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Ancient Rome’s Circus Maximus was definitely an adrenaline rush! Construct a gladiator’s chariot and start your own races.
Put on your helmet! Wrap the reins for four horses around your wrists. Take off on a two-wheeled chariot! Gladiators in ancient Rome’s Circus Maximus used their body weight to control their harnessed steeds. They raced seven laps around a track in front of 150,000 spectators!
Long ago, chariots were used in battle and pulled by mules and oxen. The Greeks were the first to race them. Step back in time to join the excitement! Roman chariots were specialized, lighter versions of regular vehicles, just like today’s race cars. Red, green, and white were the most popular colors.
Shape Crayola Model Magic® into a chariot with two wheels. Form a gladiator to stand inside the vehicle. Can you figure out a way to make the wheels turn? (Hint: toothpicks, drinking straws, or paperclips.) You could add extra touches such as string for reins, too. Why not make the horses while you’re at it? And a stadium!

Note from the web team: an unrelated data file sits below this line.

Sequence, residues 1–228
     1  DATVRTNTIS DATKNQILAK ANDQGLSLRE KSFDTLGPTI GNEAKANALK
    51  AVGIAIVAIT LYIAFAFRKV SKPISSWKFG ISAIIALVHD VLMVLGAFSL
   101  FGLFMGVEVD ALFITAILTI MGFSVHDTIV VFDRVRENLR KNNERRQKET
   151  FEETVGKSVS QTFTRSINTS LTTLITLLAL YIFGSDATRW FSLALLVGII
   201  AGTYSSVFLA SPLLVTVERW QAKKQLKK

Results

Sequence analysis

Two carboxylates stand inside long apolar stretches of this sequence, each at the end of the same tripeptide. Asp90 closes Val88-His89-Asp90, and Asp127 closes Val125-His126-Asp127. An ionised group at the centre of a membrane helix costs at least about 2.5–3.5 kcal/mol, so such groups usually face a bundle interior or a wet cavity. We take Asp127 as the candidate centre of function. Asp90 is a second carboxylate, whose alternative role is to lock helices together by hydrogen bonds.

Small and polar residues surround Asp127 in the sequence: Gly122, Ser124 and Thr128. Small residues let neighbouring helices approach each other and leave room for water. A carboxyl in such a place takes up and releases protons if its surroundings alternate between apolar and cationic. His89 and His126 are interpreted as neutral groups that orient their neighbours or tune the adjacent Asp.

Show the power and glory of your racing team with Crayola Glitter Glue highlights. Air-dry before you join the throng!
Let's make something!
Do you really enjoy creating your own crosswords? Challenge yourself to use the names of your country's leaders.
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Shine a beacon on lighthouses! Explore Peggy's Cove in Nova Scotia, or other legendary lighthouses. Then make your own a
Kids make this colorful license "plate" for your next trip. They search for license tags from the U.S. and Canada, or an
Boxing Day is celebrated the day after Christmas. This perfect craft recycles boxes and paper to make festive blocks to
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Ride the cowcatcher of a steam locomotive? Almost! Lady Susan Agnes Macdonald rode "from summit to sea" in a special box
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Ancient Egyptians made their own paper—and you can, too! Then write a message in hieroglyphics or create a treasure map
Our crayons have been rolling off the assembly line since 1903, and you can see how it’s done.
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